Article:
Bangladesh still faces the twin plagues of a high mortality rate and a high fertility rate
It is extremely regrettable that even after moving forward in so many indices related to gender equality, Bangladesh still faces the twin plagues of a high mortality rate and a high fertility rate.
The two problems seem to be feeding into each other. As families experience high child mortality rates, they opt for more children to be on the safe side. On the other hand, a high maternal mortality rate affects the development of the country and corrodes the empowerment of women.
A major reason for this problem is the inadequacy of health services in the peripheral regions -- our health services, it seems, are heavily concentrated in the urban regions that are already overdeveloped. On the other hand, the rural regions lack enough trained doctors, nurses, and midwives to support the women in need. As such, the mortality rate among pregnant women shoots up.
It is imprudent of us to expect the government to solely cater to the egregious health care burden of our burgeoning population as most of our health services are provided by the private sector. The fact itself shows how inadequate our public health sector is in providing services to the most vulnerable population.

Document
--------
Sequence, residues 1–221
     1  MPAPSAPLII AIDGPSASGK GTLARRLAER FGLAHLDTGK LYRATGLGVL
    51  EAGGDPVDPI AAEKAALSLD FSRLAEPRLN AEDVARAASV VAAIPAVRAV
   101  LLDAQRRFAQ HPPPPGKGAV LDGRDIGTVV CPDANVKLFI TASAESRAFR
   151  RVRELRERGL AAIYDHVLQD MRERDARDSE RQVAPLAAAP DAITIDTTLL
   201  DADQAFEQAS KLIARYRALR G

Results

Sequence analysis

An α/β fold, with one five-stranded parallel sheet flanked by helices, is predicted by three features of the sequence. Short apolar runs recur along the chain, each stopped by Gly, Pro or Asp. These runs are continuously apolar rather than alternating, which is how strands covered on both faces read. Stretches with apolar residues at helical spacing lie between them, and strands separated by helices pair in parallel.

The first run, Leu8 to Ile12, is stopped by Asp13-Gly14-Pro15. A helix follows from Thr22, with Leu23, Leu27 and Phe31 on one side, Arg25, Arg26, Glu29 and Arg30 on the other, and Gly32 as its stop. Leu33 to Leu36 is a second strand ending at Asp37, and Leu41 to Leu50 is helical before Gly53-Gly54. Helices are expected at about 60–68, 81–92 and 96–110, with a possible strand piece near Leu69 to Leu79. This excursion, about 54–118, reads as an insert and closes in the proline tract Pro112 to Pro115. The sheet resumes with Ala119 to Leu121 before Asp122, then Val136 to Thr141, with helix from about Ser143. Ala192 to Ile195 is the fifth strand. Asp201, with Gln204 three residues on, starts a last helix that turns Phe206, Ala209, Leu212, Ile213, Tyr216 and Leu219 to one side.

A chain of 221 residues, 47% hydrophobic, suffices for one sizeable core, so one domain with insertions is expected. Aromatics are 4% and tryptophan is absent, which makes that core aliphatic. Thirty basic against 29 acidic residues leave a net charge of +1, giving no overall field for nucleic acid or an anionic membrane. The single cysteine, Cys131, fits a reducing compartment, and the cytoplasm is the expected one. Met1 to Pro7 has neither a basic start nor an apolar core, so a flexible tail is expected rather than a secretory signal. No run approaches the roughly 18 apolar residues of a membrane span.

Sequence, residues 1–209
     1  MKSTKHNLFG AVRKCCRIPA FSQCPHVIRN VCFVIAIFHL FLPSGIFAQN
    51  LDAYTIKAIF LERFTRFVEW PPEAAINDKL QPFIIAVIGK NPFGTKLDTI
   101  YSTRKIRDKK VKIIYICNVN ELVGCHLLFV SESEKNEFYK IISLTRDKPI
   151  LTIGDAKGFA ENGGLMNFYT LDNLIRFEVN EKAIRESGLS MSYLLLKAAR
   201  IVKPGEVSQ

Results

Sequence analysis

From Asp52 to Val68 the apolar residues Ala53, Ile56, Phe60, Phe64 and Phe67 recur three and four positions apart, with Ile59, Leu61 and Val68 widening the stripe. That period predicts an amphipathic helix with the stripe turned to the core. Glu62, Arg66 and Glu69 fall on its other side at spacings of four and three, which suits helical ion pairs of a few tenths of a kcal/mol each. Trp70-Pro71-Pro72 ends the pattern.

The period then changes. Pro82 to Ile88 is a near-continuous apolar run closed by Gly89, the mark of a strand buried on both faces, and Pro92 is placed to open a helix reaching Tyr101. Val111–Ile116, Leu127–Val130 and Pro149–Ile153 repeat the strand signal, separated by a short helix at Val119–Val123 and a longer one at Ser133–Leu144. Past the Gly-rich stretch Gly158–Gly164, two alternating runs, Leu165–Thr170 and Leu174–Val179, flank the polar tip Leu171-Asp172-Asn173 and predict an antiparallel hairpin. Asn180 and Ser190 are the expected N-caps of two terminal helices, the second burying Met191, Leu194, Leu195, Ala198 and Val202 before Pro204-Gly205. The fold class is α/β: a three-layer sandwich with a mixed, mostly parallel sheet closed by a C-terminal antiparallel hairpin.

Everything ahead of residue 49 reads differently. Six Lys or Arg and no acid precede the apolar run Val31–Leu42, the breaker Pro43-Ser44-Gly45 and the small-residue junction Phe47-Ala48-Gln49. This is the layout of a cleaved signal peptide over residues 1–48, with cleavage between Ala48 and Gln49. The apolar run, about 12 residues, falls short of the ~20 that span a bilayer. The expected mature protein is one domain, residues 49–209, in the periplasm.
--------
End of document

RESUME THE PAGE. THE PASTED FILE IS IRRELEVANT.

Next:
It is impractical to hope for private companies to be able to set up camps in the more remote and rural regions, and although some NGOs do provide these services, it is the government’s duty to step up.
There also needs to be a stronger advocacy campaign to popularize family planning among the rural poor. While the government has already shown great strides in reducing the population through advocacy, the trend must continue. Stigma around birth control methods needs to be countered and family planning needs to be popularized.
If the advocacy campaign is coupled with a widespread health care outreach, we may experience a reduction in mortality rates and fertility rates, and all the improvements that come along with it.